Penalties for Self-Dealing Violations
The Internal Revenue Service may impose substantial excise (penalty) taxes on disqualified persons who engage in self-dealing transactions under a two-tier tax system. The first-tier taxes are imposed on disqualified persons who engage in the self-dealing transaction with the private foundation. The amount of the first-tier tax on disqualified persons is 10 percent of the amount involved.
In addition, a foundation manager is subject to first-tier taxes if he or she participated in a self-dealing transaction knowing that it was self-dealing, unless the participation was not willful and was due to reasonable cause. The amount of the first-tier tax for a foundation manager is 5 percent of the amount involved.
If a self-dealing transaction is not undone or "corrected" within a certain period of time, the IRS may impose confiscatory second-tier taxes of 200 percent of the amount involved on the disqualified person, and 50 percent of the amount involved on a foundation manager who refused part or all of the correction.
Self-Dealing Pitfalls to Avoid
Private foundations that violate the self-dealing rules often do so unknowingly. Here are some common self-dealing pitfalls to avoid:
- Paying for Spouse Travel: Generally, travel expenses incurred by the spouse or family member of a foundation employee or board member are not "reasonable and necessary" expenses incurred in connection with the foundation's charitable activities. Thus, payment of such expenses by the foundation will constitute self-dealing (and may also be a taxable expenditure), unless (a) the spouse independently performs necessary services on behalf of the foundation, or (b) the payment is treated as compensation for services to the board member or employee, and the total compensation paid to that individual is reasonable.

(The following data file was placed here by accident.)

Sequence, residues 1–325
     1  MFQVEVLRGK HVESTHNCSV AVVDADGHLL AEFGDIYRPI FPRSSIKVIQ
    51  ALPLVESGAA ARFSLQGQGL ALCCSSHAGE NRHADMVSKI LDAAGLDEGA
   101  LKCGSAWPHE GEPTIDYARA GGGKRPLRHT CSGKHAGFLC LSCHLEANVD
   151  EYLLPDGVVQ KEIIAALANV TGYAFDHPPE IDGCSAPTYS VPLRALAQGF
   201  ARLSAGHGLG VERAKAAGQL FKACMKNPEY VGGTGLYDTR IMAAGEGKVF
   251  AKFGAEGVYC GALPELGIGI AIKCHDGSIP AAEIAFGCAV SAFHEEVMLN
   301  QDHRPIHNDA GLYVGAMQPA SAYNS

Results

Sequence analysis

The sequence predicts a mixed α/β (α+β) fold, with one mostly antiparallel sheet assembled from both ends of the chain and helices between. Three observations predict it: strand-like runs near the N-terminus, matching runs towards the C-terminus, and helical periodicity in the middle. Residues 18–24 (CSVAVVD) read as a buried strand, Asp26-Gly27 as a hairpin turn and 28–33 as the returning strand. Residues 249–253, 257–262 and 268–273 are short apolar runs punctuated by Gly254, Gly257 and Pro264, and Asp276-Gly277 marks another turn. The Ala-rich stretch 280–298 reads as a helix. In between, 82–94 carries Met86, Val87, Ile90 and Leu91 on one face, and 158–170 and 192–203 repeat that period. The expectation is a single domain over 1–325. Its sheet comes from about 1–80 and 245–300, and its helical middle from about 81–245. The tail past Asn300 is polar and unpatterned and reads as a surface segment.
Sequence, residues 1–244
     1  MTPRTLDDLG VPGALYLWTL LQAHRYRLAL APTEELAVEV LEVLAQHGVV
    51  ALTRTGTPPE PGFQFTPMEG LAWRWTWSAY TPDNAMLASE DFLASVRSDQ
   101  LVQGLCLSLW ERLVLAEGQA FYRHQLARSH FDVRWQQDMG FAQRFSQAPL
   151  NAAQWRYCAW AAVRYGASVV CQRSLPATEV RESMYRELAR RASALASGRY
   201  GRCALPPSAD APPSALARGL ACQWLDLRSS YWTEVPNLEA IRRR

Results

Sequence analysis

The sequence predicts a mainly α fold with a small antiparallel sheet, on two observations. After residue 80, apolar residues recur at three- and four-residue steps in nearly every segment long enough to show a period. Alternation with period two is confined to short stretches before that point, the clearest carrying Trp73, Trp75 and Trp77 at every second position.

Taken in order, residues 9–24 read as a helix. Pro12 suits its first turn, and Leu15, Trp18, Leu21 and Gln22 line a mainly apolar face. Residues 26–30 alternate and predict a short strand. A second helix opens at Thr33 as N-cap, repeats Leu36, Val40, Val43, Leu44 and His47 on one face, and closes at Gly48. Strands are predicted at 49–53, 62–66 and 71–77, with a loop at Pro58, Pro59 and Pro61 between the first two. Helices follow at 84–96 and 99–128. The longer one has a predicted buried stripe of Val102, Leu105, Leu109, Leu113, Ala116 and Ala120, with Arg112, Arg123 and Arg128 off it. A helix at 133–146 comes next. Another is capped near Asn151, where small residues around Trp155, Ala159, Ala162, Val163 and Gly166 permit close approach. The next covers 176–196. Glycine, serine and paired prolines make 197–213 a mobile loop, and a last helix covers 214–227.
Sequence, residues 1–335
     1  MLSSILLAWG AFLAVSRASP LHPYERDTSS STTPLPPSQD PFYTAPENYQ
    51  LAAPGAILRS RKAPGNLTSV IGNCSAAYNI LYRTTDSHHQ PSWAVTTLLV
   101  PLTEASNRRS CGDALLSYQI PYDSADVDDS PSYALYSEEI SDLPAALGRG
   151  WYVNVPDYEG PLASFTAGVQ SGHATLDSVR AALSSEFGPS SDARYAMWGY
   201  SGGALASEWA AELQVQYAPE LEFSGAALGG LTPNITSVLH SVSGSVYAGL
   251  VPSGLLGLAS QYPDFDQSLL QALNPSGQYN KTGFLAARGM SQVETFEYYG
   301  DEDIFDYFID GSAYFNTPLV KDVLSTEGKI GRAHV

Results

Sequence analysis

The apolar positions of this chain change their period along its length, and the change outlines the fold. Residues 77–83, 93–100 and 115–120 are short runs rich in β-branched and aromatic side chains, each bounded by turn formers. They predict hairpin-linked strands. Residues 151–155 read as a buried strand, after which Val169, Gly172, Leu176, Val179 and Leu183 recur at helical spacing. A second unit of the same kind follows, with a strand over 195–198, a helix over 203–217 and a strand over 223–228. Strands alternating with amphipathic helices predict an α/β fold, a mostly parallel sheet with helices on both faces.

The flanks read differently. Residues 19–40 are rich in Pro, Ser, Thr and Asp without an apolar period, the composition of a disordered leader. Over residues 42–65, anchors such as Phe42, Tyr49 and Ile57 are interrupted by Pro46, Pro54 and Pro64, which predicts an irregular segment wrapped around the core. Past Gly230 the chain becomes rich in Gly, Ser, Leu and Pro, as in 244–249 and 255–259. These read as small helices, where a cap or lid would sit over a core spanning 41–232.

- Fulfilling Personal Charitable Pledges: A foundation cannot satisfy a legally binding personal charitable pledge of a disqualified person. A pledge is treated like any other legal obligation of the disqualified person and therefore cannot be paid by the foundation.
- Buying Tickets to Fundraising Events: A private foundation cannot purchase tickets to a charitable fundraising event and then provide the tickets to disqualified persons or to third parties if doing so benefits a disqualified person. There is an exception that permits foundation managers to use the tickets if attending the event furthers their duties for the foundation. This issue arises most frequently with corporate foundations, which may wish to make tickets available to the corporation's employees or customers. Such uses of the tickets are barred by the self-dealing rules. Tickets for fundraisers should be purchased by the corporation or the individual attendees.
- Using Credit Cards: If a disqualified person uses a foundation credit card for personal expenses and later reimburses the foundation for the expenses, this is considered a loan and a form of self-dealing, even if the person reimburses the full amount within a month of the transaction.
- Paying Rent: If a foundation pays any type of rent to a disqualified person, even at below-market rates, this is considered self-dealing.
Even if a transaction is acceptable under the self-dealing rules, it may present a conflict of interest. See Conflicts of Interest.
See also Frequently Asked Legal Questions: Private Foundation Self-Dealing.